Clapperboards serve two main purposes.

  1. The slate section provides valuable information about the specific scene.
  2. The clapper stick creates a visual and audible cue which makes syncing up the video and audio easier for the editor.

Who uses a clapper?

Usually the 2nd AC (assistant camera) who is also known as the “clapper/loader.”

On smaller shoots a camera assistant or runner may be in charge of it.

Tips for using a clapper on set

  • Once you have clapped, move quickly out of the shot. Ensure it’s far enough that your shadow is not visible on screen.
  • End board-If you are shooting in a tight spot and can not get the clapper in at the beginning, do an ‘End board’. Once the director has called ‘cut’ simply turn the clapperboard upside down and have the camera operator capture the information.
  • Ensure you speak loud and clear.
  • Keep the slate a consistent size in the frame. As a rule, hold the board ‘X’ft from the lens for every 10mm of focal length. This ‘X’ value will change with sensor size. On a super35 use 1ft for every 10mm, so position the slate 5ft for a 50mm, 8.5ft for a 85mm etc. A Micro 4/3 would roughly be doubled, so it would be 2ft for every 10mm of focal length. If it is a small shoot and you can, ask the Camera Op if they can clearly see the numbers and that the board is in focus.
  • Not recording audio? Place your hand between the clapper stick and do not clap. This indicates no sound will be recorded.
  • Carry a spare dry-wipe marker pen.

Watch our How to clapperboard video (added January 29th 2018)

What happens in post-production?

When recording separate audio the clapper is used by the editor to line up the spike in audio with the exact frame in the video to perfectly sync image and sound.

It also allows the editor to organise and maintain the footage. It shows where in the script the footage is located and they can easily refer back to set notes which improves editorial workflow.


GripUp Why Use a Clapper

Clapper Features

Production Specific, this includes:

  • Name of the film
  • Director
  • Cinematographer
  • Producer
  • Date

Shot Specific, this includes:

  • Roll
  • Scene
  • Take
  • MOS, Day,Night,Int,Ext

Find classic clapperboards, clappers for iPad, and many more filmmaking accessories here.

Function

Clapper Element Purpose Tip
Production Name or title of the movie Ask the producer or DP what name they want (you don’t want to change it later on)
Roll The roll you’re shooting on. Traditionally this was a roll of film, in digital production its more likely a memory card.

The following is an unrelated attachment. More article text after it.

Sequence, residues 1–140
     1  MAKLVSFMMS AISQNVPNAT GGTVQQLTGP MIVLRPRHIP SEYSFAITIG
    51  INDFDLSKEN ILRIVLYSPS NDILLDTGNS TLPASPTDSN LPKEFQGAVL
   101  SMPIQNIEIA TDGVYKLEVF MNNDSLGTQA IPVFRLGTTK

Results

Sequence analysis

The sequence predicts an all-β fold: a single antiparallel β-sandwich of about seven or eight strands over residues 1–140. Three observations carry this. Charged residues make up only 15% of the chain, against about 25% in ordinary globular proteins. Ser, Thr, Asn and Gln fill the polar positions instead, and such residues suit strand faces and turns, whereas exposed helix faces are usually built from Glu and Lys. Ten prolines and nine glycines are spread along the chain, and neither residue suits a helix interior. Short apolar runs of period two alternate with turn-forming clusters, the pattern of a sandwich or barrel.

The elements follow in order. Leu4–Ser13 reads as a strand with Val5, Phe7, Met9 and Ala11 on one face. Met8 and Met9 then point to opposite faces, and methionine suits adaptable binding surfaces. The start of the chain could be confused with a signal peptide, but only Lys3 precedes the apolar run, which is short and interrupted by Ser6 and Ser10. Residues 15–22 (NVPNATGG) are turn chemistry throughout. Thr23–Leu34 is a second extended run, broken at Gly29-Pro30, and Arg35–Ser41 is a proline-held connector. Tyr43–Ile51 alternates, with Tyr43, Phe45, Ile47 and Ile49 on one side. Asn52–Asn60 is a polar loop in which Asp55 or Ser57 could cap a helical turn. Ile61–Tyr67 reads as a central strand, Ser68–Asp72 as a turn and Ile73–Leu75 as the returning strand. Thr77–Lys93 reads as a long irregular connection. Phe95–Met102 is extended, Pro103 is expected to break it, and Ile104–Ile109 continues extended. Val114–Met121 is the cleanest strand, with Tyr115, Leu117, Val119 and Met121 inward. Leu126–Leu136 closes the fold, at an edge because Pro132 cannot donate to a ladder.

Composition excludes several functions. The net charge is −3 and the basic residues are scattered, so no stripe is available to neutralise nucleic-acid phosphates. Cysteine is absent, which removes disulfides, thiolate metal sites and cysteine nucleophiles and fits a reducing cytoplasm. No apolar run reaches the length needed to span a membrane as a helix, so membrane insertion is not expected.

Scene The scene number/shot For a new scene write the number (i.e 15). When you change the shot (i.e. camera position change) add a letter after the scene number (i.e. 15A).
Take The current take of the shot Takes are linked to shots not scenes. So when there is a new shot you start with Take 1.
Director Name of the Director Spell it correctly!
Camera Name of cinematographer Spell it correctly!
Date Day, month, and year of shoot Keep the format consistant
Day Circle for dayime shoot Look up at the sky or check your watch
Night Circle for night-time shoot Look up at the sky or check your watch
Int. Circle for Interior shoot Check you’re inside
Ext. Circle for Exterior shoot Check you’re outside
MOS Circle for Motor only sync/Mit out sound The 2nd AC would put their hand between the clapper stick and not clap to indicate no sound will be recording for that shot.
Filter Indicate filter type. Write the filter type if you are using one.


GripUp Why use a clapperboard Ikan

Timecoding and Smart Slates

Some Smart Slates have a digital screen that shows a timecode. The clapperboard is synced to the audio recorder via a cable or a timecode generator and then is powered by batteries. When the clapper is shut it holds the display for around 4 frames which the camera will capture.

You can now even get clapper/slates that connect to iPads and Tablets making them functioning app based timecoding devices.

Tips

  • When on multi-cam shoots it helps to assign cameras as A,B,C and label the rolls according. So the third camera using its 4th memory card(roll) would be C4.
  • If you are using multiple cameras the clap sound can be used to sync up each camera for that shot.
  • If the director wants to keep the camera rolling to capture a one-liner multiple times you can write ‘series’ after the take number.
  • Add a letter after each shot in a scene. So the slating would read, Scene 15,15A,15B,15C etc.
  • Be vigilant. If the information on the slate is incorrect, it will cause confusion and problems in post-production.

So do I need to use a clapperboard?

It is best practice to use one on every shoot, but it is up to you.

If you’re shooting with on-camera mics you may feel less of a need for one.

When using an external editor or recording separate audio, it is highly advisable.

Clappers provide valuable information for editing, archiving and organising footage as well as the vital job of helping to sync video and audio up in post production.

If you are ever in charge of one, make sure you fill in the details correctly, spell people’s name right and be vigilant when updating the info.

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